I've run into a situation where a function fails to type-check unless I explicitly add a forall to the beginning of its type signature.

The function in question is:

```
test :: (Typeable a) => a -> a
test x
| typeOf (undefined :: a) == typeOf (undefined :: a) = x
| otherwise = x
```

GHC gives the following warnings on the above:

```
Ambiguous type variable `a0' in the constraint:
(Typeable a0) arising from a use of `typeOf'
Probable fix: add a type signature that fixes these type variable(s)
In the first argument of `(==)', namely `typeOf (undefined :: a)'
In the expression:
typeOf (undefined :: a) == typeOf (undefined :: a)
In a stmt of a pattern guard for
an equation for `test':
typeOf (undefined :: a) == typeOf (undefined :: a)
Ambiguous type variable `a1' in the constraint:
(Typeable a1) arising from a use of `typeOf'
Probable fix: add a type signature that fixes these type variable(s)
In the second argument of `(==)', namely `typeOf (undefined :: a)'
In the expression:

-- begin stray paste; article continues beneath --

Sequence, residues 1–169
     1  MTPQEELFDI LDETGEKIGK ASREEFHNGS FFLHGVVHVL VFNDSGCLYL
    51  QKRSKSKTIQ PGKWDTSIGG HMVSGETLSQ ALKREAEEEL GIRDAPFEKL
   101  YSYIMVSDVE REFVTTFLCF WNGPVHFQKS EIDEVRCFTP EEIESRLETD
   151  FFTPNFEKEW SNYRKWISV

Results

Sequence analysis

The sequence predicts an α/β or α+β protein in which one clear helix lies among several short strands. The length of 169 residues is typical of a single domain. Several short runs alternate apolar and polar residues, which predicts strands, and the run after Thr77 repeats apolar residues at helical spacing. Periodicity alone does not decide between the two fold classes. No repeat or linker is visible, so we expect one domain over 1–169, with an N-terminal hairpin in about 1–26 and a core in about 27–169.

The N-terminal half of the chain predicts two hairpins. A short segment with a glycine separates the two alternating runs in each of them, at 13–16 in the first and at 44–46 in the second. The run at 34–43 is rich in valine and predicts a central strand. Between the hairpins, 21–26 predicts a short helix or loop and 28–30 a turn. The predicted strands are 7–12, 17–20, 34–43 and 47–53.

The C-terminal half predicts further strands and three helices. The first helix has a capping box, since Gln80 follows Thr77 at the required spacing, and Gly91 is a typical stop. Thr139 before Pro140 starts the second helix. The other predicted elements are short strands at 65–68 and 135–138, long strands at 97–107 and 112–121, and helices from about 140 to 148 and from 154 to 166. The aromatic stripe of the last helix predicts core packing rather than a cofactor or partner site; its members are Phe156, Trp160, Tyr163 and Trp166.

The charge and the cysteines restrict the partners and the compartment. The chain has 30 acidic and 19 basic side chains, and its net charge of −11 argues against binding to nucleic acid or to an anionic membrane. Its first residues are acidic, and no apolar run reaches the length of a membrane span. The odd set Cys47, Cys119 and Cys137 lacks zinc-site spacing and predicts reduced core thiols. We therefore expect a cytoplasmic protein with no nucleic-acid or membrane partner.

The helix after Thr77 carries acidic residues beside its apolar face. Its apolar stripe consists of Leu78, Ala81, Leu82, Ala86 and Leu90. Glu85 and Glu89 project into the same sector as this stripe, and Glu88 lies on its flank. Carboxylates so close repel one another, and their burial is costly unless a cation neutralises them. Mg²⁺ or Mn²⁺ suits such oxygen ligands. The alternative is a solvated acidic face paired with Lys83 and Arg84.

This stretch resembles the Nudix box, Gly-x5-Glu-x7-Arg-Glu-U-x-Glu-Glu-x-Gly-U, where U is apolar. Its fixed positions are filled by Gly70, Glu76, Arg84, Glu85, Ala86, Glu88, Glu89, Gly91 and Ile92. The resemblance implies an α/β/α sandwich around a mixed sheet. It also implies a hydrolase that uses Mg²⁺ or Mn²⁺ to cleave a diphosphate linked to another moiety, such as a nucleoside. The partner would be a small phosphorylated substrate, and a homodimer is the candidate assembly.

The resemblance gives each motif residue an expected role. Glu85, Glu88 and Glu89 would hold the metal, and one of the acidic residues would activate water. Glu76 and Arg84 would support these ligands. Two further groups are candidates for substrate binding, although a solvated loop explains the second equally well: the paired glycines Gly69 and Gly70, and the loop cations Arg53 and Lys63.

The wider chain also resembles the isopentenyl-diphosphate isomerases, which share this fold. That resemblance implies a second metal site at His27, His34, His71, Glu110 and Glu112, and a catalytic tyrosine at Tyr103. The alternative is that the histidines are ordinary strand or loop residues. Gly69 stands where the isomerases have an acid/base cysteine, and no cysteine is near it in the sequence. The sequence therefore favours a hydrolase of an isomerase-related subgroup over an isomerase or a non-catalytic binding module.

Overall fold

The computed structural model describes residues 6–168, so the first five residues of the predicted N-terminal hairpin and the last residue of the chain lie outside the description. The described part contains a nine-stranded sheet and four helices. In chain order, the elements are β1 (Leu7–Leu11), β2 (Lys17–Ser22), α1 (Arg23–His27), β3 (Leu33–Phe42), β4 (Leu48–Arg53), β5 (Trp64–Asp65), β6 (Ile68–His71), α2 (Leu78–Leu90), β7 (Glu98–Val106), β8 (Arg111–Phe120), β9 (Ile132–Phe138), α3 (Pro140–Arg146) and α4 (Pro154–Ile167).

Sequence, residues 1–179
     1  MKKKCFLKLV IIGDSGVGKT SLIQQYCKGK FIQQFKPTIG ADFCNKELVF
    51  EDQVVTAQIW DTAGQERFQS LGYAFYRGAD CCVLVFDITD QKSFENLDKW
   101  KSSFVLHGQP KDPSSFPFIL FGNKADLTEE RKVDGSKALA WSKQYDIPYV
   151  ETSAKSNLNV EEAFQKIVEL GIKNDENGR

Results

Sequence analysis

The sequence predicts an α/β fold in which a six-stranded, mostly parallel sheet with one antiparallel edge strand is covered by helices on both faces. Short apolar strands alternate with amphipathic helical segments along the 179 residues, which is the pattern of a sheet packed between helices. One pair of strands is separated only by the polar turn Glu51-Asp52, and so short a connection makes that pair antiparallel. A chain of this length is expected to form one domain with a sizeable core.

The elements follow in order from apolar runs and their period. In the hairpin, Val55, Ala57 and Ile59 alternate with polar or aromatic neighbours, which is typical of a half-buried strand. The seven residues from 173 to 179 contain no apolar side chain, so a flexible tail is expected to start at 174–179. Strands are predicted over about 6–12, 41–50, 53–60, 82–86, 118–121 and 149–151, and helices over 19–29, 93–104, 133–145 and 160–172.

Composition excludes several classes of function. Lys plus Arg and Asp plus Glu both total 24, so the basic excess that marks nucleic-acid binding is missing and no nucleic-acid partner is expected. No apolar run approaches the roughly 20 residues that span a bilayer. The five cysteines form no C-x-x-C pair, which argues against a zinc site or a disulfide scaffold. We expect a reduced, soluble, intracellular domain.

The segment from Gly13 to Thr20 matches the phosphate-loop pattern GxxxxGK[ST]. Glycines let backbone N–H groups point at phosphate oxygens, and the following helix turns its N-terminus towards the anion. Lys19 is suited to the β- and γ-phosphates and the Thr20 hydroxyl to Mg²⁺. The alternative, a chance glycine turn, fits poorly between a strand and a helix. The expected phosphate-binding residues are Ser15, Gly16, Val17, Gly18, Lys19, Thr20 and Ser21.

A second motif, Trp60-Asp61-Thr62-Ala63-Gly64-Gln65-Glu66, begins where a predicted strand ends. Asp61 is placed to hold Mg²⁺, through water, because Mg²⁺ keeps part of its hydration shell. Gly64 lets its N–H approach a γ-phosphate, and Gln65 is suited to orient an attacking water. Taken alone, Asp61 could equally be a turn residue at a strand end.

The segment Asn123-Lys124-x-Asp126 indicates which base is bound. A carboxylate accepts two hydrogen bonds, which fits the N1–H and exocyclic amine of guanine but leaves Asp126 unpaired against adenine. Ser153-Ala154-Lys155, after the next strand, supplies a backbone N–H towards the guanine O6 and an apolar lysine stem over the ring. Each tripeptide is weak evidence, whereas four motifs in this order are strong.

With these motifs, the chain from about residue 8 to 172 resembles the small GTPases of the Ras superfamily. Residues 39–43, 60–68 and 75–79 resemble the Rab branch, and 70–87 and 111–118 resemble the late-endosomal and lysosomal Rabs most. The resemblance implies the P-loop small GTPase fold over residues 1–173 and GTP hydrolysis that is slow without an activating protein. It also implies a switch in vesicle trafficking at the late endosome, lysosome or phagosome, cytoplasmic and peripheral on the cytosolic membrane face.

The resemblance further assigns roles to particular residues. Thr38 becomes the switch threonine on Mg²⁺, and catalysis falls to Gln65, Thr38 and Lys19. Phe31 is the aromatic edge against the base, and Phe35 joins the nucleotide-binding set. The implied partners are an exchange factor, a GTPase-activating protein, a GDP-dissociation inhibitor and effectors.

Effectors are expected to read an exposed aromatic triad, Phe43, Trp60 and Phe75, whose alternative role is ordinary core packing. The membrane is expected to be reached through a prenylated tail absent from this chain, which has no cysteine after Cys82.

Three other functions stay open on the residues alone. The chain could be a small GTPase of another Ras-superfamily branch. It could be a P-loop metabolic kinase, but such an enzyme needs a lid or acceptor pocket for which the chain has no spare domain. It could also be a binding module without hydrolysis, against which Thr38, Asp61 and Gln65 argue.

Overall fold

typeOf (undefined :: a) == typeOf (undefined :: a)
In a stmt of a pattern guard for
an equation for `test':
typeOf (undefined :: a) == typeOf (undefined :: a)
```

So it's failing to unify the two types of the undefined values. However if I add a forall a to the front:

```
test :: forall a. (Typeable a) => a -> a
test x
| typeOf (undefined :: a) == typeOf (undefined :: a) = x
| otherwise = x
```

It compiles fine. This is in GHC 7.4.2 using

```
{-# LANGUAGE GADTs, StandaloneDeriving, DeriveDataTypeable,
ScopedTypeVariables, FlexibleInstances, UndecidableInstances,
Rank2Types #-}
```

I was under the impression that omitting "forall" in a type signature was equivalent to implicitly appending foralls to the beginning over all relevant type variables (as suggested in the GHC docs: http://www.haskell.org/ghc/docs/7.4.2/html/users_guide/other-type-extensions.html). Why does the first code fragment not type-check, while the second does?